Dr. Sheila Jagannathan: Let me start out by saying that I think the first key point is that the technology enhanced learning, or any learning in the 21st century, requires a mindset shift. It's not about taking a technology and then adding it to an existing approach. It is about thinking through how do we create new experiences using these technologies to create value to the learning, to the learner, and what can we do that we've not been able to do before? So I think a mindset change is going to be very important.
I think as we're going through this, we need to focus more on workforce readiness and how do we build a culture for learning within the organization that is recognized as well as supported. And I think in all of this, let's not get complacent because I often find that an essential part of growth for the CLOs or leaders in this organization is today the skills that we're dealing with are not the skills we know. We already know that the shelf life of skills is going to be less than five years. So an essential part of growth is to put ourselves into situations that involve uncertainty, knowing that it may not work, and we if we fail that's fine. We still learn something fast and move along.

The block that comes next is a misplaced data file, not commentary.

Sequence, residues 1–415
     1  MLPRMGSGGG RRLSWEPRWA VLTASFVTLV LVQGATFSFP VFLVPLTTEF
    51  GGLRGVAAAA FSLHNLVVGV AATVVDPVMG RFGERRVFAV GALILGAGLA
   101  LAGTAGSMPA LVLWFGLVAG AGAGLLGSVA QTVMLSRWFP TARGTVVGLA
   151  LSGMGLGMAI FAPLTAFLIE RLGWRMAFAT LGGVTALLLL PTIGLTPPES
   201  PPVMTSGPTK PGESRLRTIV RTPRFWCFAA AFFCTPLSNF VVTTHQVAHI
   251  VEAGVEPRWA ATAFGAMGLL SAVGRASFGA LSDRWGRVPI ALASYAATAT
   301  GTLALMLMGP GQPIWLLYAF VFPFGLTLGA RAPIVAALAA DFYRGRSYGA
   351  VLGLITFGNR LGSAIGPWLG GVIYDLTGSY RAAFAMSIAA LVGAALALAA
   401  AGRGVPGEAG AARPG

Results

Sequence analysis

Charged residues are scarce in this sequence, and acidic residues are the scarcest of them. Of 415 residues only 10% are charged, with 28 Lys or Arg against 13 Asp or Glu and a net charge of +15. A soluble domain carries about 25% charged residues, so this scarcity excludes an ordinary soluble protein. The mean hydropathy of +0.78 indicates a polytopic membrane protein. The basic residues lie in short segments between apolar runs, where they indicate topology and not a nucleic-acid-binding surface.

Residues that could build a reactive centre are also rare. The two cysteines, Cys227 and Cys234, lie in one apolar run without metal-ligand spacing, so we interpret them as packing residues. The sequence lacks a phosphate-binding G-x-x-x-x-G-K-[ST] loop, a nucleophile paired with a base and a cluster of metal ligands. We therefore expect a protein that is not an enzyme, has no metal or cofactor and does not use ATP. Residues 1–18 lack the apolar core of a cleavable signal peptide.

Jeff Kavanaugh: In our book The Live Enterprise, we dedicate a chapter to hybrid talent for the future. And what is your vision for the future of work, post the COVID-19 pandemic? And if a large percentage of organizations do work remotely, what's the impact on their learning and collaboration?